Skype Adding 3D, But 2D Eye Contact Still Remains an Issue
September 12, 2013

Skype Adding 3D, But 2D Eye Contact Still Remains An Issue

Recently, Microsoft confirmed via the BBC that it was working on technology that could enable 3D video calls. This technology is reportedly under development to mark Skype’s 10th anniversary.

Earlier this year, the Voice Over IP service, which Microsoft acquired in 2011 for $8.5 billion, was further integrated with Microsoft’s web mail site. Now the company appears to be taking Skype to the third dimension. Mark Gillett, Microsoft’s corporate vice-president for Skype, told the BBC that the technology is on the way, but added that the capture devices aren’t there, at least not yet.

This could mean that while the technology is in development it also might never actually be released to the public.

“Skype’s aim is to ensure our users can connect with the people they care about the most, wherever and whenever they are,” said Ronnie Martin, Microsoft/Skype spokesperson. “We have lots of projects in our labs, many are experimental and not all of them make it into products. We have nothing to announce about 3D availability at this time.”

The question becomes why Microsoft would be interested in going this direction given that 3D has pretty much fallen flat. Hollywood has backtracked on 3D as have many cable channels. But more importantly Microsoft could also be overlooking what has been a bigger problem with Skype – namely the fact that many people don’t maintain eye contact as the look into the monitor and not at the camera. The result is the so-called “Skype Gaze,” a problem that is also reportedly that is only now being addressed by independent researchers.

Because of this many have felt that while each party is chatting via video, it lacks the feel of a “real” conversation.

“Solve the eye contact problem and you have the new email,” said Steve Blum, telco analyst at  Tellus Venture Associates. “No eye contact, nothing new. It’s no different from Second Life, and at least there you can look like anyone you want.”

The question becomes why this Skype gaze can’t be overcome?

“The issue is still whether the camera in a computer, and its placement, is really sufficient for eye contact in video chat,” noted Susan Schreiner, analyst at C4 Trends. Instead, “what has happened here is that with certain types of technology there are new norms or at least different norms of acceptability and what is good enough. And this is certainly the case where the ability to see anyone at all is good enough versus the ‘gee-whiz’ factor.”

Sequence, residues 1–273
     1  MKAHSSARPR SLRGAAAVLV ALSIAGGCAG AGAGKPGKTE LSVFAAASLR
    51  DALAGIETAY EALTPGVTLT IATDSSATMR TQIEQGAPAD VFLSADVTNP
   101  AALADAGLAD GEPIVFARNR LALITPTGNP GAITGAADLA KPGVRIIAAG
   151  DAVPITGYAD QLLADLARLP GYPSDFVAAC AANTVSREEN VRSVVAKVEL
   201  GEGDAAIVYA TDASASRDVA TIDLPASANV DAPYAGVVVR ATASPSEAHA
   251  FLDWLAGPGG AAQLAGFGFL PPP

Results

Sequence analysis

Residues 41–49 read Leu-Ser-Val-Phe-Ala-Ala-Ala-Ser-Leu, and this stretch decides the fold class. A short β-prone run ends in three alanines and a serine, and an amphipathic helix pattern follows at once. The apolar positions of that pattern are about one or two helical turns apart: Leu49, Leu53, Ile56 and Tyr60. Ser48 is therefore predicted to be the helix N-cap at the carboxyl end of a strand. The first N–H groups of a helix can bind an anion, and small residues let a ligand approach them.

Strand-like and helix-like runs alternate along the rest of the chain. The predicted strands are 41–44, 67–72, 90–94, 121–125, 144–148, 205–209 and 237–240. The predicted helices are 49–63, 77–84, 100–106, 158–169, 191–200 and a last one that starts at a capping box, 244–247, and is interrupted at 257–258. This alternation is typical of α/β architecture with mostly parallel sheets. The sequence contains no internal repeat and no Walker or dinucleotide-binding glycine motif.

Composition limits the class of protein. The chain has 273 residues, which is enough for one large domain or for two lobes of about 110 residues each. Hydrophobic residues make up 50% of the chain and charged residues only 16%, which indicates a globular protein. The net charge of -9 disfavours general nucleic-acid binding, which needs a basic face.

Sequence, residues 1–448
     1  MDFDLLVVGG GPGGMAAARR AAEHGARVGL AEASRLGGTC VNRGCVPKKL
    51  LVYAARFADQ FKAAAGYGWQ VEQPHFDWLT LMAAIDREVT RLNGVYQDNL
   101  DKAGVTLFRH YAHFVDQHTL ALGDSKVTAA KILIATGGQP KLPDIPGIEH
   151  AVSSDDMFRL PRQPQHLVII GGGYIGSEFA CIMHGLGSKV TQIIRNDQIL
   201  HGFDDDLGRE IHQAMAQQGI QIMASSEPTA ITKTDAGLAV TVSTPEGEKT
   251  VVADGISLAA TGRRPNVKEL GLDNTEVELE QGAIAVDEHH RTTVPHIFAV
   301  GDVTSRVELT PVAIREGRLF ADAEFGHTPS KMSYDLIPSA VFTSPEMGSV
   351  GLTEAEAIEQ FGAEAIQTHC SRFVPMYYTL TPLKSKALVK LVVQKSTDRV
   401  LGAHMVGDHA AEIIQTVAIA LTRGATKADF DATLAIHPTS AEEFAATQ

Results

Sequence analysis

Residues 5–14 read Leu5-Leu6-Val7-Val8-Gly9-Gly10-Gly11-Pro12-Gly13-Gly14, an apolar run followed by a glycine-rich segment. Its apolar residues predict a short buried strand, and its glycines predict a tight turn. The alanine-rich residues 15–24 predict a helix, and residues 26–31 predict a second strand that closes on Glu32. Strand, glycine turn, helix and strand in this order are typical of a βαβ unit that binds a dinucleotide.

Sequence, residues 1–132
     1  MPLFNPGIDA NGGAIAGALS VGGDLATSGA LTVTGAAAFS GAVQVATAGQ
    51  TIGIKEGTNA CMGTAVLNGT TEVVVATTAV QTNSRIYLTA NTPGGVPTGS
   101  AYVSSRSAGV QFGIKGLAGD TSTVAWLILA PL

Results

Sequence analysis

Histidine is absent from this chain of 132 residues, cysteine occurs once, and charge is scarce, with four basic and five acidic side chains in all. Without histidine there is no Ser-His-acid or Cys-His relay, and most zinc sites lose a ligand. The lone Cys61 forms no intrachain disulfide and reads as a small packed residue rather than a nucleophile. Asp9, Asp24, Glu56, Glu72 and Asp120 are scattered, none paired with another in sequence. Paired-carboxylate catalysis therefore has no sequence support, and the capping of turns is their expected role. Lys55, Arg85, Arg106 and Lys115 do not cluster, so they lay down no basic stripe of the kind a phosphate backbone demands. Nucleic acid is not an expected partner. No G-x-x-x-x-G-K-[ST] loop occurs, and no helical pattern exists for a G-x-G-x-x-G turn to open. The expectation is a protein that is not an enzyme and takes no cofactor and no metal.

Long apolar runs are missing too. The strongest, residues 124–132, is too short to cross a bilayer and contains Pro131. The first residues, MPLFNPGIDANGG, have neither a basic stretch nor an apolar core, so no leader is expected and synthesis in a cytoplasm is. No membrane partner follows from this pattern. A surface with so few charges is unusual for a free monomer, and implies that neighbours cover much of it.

While Skype, at least when it appears on TV shows and in movies, suggests that eye contact is the norm, the truth is that even those who spend time on camera regularly knows it requires training and practice to pull it off.

“Absolutely, it requires training but also a very conscious decision to be able to know where you look and how you look and how to have it appear natural,” Schreiner added. “In its way that is almost forced, but it is what we expect.”

This is because “it is harder to be on camera than most people realize” added Pund-IT’s King. “There is a skill to it, those people who are TV reading from a teleprompter have special training, and it is not a skill that is easily mastered.”

Skype gaze can thus be somewhat off putting in the context of human interaction, but it should be noted as a historical sideline that every time a new interpersonal communication technology has arisen there has been a learning curve in developing an acceptable form of cultural address.

In other words, while those talking heads on TV may know to keep eye contact most users need to learn to look at the camera while talking and at the monitor whilst listening. That could be one way to maintain the guise of eye contact. Or maybe we should just put a camera in the middle of the screen – because that would never be distracting!

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Peter Suciu is a freelance writer and has covered consumer electronics, technology, electronic entertainment and the fitness sports industry for more than 15 years. In that time his work has appeared in more than three dozen publications including Newsweek, PC Magazine and Wired. His work has also appeared on,,, and Peter is a regular writer for

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